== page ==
That said, GDPR has permanently changed how personal data can be stored and processed in the cloud and the EDPS – the EU privacy watchdog – is investigating whether Amazon’s AWS and Microsoft’s Azure cloud service are protecting citizen data effectively.
Cloud software GDPR compliant rules for providers are as follows:
- Develop principles for the processing of personal data
- Ensure the process for data processing respects the GDPR’s 8 data subject rights
- Establish requirements for privacy by design for anyone involved in data processing and controlling activities
- Implement controls over data ownership and data portability right
- Introduce security measure that ensure the privacy of data
- Establish principles for the processing of data to international parties
- Develop policies and procedure to manage data breaches
- Develop policies regarding the establishment of contractual agreements, data retention periods and other applicable requirements
What is a Company’s Responsibility for Data Held in the Cloud?
Third party security issues are a major concern of GDPR, and these include when a third-party cloud platform is storing data on behalf of a client business.
GDPR distinguishes between “data controllers” and “data processors” when it comes to accountability for the security of personal information.
In this context, the business is the data controller, while the cloud software provider is the data processor – meaning that the business is therefore responsible for keeping personal data safe, regardless of whether it’s stored on their own servers or not.
What to Think About When Choosing a Cloud Platform
Before migrating to the cloud, it is advisable for companies to ensure that their personal data flow is properly mapped out and to carry out a privacy impact assessment.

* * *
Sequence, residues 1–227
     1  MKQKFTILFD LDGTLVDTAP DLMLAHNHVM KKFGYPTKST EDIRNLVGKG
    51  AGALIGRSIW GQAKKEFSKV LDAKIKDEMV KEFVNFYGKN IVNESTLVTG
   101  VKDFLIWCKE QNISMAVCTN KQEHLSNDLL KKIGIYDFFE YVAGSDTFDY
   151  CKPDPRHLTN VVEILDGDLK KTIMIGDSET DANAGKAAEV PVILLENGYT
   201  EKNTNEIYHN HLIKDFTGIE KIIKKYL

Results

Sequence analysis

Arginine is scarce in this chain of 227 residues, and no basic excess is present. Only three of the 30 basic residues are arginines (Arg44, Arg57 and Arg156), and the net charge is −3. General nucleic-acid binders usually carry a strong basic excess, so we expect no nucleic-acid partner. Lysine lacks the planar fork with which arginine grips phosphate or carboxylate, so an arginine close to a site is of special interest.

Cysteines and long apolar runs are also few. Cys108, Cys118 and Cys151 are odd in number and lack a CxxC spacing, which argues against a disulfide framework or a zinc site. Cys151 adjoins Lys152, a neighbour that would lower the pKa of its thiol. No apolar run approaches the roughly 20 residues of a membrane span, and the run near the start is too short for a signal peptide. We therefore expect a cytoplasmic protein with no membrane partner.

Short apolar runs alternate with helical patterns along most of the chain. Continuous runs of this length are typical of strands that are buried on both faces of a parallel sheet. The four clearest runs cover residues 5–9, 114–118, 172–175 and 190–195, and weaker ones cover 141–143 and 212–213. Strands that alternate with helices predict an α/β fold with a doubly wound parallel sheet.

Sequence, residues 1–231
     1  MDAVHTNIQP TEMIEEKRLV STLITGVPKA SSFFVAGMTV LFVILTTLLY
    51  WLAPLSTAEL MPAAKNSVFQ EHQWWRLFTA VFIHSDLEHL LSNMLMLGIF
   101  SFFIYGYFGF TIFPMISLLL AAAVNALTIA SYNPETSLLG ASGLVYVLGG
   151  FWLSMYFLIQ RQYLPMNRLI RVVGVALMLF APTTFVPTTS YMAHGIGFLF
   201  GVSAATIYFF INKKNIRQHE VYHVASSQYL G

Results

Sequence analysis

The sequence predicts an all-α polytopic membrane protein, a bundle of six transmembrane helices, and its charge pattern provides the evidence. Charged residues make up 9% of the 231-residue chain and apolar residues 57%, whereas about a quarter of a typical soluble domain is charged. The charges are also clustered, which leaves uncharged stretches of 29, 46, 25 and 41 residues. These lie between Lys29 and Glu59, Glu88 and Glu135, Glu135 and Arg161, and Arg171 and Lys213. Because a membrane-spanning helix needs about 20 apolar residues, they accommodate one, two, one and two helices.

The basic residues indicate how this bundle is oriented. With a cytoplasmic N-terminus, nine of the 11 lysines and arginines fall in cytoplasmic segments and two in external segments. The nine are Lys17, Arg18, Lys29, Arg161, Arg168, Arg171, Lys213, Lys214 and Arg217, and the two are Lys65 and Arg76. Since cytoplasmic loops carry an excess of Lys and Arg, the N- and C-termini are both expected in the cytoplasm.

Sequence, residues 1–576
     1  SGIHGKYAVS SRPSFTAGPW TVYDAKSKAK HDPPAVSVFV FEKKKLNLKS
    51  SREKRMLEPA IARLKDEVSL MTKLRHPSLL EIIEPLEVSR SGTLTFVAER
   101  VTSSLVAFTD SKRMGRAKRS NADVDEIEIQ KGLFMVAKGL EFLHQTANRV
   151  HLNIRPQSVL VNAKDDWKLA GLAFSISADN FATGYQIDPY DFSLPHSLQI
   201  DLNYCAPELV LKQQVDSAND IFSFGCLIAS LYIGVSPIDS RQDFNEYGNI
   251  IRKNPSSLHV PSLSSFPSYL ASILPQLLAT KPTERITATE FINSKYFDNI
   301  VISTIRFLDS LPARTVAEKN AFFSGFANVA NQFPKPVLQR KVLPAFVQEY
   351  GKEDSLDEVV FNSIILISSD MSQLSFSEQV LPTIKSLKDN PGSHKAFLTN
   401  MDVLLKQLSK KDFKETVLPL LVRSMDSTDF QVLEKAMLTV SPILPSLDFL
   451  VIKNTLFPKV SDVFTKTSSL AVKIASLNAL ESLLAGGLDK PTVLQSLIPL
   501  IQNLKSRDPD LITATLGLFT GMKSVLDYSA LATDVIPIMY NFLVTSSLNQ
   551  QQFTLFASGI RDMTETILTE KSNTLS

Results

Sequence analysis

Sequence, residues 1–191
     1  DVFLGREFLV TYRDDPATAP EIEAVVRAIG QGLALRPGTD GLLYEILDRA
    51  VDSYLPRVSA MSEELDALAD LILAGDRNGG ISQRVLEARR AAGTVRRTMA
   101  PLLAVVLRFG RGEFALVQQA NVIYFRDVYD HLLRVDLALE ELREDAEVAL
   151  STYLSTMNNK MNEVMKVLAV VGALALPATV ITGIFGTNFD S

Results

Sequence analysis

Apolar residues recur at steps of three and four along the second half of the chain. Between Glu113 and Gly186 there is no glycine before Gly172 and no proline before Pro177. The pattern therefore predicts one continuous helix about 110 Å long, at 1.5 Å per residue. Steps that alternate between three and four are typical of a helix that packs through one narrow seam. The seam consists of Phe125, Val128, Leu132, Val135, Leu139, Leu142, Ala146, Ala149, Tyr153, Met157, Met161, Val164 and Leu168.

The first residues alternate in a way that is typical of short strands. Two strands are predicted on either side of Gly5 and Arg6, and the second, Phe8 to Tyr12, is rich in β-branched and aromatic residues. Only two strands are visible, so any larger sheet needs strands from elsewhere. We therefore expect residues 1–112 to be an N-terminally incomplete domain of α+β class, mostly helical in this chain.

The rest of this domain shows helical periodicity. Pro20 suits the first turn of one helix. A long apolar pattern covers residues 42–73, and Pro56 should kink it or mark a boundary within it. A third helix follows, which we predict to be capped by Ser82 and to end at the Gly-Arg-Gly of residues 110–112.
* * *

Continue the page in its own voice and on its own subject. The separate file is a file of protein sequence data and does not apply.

Central to this will be the following considerations:
- Data sovereignty
GDPR regulations stipulate that data must be stored in the European Union.
Luckily, there are many cloud service providers that let you choose where data is stored, so you can select one that uses data centers in Europe.
- Data security
Check what security the cloud storage platform has in place, and choose one that offers end-to-end encryption.
Ultimately, you need to be satisfied that the provider has adequate security procedures in place.
- Respect for data subjects
Choose a cloud provider that adheres to the eight privacy rights of EU data subjects – this information should be readily provided by cloud companies.
- Data protection by design and by default
Ensure that the cloud company has integrated security into their design and procedures – for instance by using zero-knowledge encryption that restricts access to sensitive information.
This is key given that any data breaches will ultimately be the responsibility of your company.
GDPR compliance requires ongoing work
Once a company has migrated data to the cloud, it’s wise to carry out regular audits to ensure that operational procedures and processes continue to comply with GDPR.
It is also advisable to regularly check that the cloud platform continues to comply with any security assurances given.
This work is normally carried out by independent third-party watchdogs or review sites, which should be verified before making any decision about which option to go for.